Chainlink Oracle Reputation (COR)
Created by Secure Data Links, reputation.link is a data analytics dashboard that displays the historical performance, uptime, revenue, and on-chain derived statistics of individual Chainlink node operators, data provider APIs, and the Chainlink Network as a whole.
The Chainlink Network consists of a diverse range of node operators, including large telecommunications service providers such as Deutsche Telekom subsidiary T-Systems MMS, experienced blockchain infrastructure providers like Certus.One, stake.fish, Chorus.One, as well as traditional data providers in Kaiko, Huobi, CryptoAPIs, and more.
The Chainlink Community Grants Program provides financial support for development teams and researchers who are building core infrastructure and tooling for the Chainlink Network. By accelerating virtuous cycles of growth around placing more data on-chain and increasing the security guarantees available to users, the grants program fuels the growth of the Chainlink ecosystem as a whole. Grants are currently given out around four main categories: 1) integrating Chainlink on a new blockchain, 2) improving Chainlink node and developer infrastructure, 3) funding original, cutting edge oracle-related research, or 4) supporting community initiatives.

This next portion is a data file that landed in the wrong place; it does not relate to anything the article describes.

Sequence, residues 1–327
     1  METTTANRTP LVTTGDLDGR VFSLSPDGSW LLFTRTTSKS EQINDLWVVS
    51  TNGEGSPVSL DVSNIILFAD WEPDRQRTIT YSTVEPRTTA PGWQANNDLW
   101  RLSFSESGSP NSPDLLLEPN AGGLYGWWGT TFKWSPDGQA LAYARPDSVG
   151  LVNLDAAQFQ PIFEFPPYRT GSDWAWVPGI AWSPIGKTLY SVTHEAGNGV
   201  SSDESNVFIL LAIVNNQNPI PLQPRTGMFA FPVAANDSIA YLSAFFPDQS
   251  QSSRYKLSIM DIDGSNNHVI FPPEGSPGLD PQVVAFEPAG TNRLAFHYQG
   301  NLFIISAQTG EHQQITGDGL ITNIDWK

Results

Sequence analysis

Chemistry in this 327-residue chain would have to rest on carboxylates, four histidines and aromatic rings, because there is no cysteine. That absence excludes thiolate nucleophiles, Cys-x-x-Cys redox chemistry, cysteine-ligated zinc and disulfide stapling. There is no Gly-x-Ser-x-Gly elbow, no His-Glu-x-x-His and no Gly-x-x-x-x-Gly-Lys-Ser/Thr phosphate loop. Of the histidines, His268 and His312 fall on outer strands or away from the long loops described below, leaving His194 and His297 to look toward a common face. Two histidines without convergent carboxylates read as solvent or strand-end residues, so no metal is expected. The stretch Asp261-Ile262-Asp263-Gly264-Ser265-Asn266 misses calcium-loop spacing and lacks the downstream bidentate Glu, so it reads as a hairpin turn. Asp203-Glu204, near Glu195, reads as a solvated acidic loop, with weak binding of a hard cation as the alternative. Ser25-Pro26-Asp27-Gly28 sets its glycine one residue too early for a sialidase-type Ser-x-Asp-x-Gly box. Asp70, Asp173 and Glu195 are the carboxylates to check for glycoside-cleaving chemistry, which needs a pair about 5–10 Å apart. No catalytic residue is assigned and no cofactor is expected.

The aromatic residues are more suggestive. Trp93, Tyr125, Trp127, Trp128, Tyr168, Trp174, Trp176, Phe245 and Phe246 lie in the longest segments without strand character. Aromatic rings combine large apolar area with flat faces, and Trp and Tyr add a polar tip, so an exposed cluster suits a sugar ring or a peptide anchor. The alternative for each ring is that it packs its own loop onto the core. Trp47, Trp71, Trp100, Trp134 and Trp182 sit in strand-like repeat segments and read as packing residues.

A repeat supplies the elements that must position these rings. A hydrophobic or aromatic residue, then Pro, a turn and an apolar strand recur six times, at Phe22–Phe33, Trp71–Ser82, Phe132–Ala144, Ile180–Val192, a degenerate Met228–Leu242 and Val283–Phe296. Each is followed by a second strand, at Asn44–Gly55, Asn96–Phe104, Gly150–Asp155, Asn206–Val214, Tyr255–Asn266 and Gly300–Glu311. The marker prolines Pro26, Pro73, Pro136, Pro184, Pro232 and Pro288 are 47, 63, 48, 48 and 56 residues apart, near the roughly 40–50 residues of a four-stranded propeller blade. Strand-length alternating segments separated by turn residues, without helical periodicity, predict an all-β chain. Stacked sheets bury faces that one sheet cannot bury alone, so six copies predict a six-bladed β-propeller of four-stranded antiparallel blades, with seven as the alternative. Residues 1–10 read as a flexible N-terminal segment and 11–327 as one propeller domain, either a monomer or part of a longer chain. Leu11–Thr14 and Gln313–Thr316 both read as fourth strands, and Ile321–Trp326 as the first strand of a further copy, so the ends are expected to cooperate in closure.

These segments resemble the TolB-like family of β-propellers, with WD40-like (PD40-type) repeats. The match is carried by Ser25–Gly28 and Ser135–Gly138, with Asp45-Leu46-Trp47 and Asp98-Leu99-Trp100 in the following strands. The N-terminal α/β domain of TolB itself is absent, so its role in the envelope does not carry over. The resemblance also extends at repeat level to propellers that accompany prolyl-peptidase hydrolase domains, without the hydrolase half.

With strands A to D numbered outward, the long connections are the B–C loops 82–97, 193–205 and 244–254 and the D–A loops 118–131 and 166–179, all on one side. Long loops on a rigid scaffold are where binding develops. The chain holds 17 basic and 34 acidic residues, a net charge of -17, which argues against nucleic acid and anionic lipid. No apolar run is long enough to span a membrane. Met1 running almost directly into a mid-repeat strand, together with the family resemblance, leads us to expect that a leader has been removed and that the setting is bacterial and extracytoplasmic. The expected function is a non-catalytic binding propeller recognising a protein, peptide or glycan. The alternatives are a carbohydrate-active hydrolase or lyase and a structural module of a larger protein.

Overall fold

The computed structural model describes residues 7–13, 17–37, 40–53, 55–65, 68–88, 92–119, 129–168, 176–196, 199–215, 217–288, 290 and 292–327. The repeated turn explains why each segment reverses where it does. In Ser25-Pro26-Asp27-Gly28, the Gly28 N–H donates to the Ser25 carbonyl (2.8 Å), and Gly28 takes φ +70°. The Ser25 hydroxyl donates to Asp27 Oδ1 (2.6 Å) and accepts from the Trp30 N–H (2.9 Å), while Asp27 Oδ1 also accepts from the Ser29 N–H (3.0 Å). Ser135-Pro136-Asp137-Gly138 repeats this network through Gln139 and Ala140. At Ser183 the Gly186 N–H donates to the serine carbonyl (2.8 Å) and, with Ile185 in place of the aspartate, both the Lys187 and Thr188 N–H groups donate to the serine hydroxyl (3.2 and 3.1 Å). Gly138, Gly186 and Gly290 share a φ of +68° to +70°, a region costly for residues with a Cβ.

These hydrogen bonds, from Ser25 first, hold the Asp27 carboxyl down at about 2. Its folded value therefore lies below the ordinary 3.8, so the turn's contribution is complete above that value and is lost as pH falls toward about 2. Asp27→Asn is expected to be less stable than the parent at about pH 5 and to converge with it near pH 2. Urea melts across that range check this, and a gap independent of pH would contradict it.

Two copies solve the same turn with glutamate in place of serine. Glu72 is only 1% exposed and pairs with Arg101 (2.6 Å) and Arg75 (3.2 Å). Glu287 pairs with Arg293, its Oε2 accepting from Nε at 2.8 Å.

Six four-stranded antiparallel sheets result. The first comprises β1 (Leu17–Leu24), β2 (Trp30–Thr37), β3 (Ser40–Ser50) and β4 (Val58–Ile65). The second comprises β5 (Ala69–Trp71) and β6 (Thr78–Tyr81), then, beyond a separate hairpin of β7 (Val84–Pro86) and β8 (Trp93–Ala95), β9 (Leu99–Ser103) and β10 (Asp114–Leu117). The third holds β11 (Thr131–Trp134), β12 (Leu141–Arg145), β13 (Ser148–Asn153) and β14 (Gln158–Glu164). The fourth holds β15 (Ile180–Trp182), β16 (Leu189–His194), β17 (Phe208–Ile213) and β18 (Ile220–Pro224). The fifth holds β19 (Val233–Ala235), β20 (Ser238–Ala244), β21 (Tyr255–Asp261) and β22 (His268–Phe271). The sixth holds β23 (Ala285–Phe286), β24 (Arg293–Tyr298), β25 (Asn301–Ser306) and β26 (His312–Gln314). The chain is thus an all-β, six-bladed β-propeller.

Chainlink is already being integrated into the following blockchains, with the development team receiving the grant to do so in parentheses.
Developer and Node Reputation Tools
Numerous key pieces of Chainlink node and network infrastructure and tooling are being developed via the grant program.
- LinkPool: Improvements to the Chainlink Marketplace for finding and listing oracle node operators.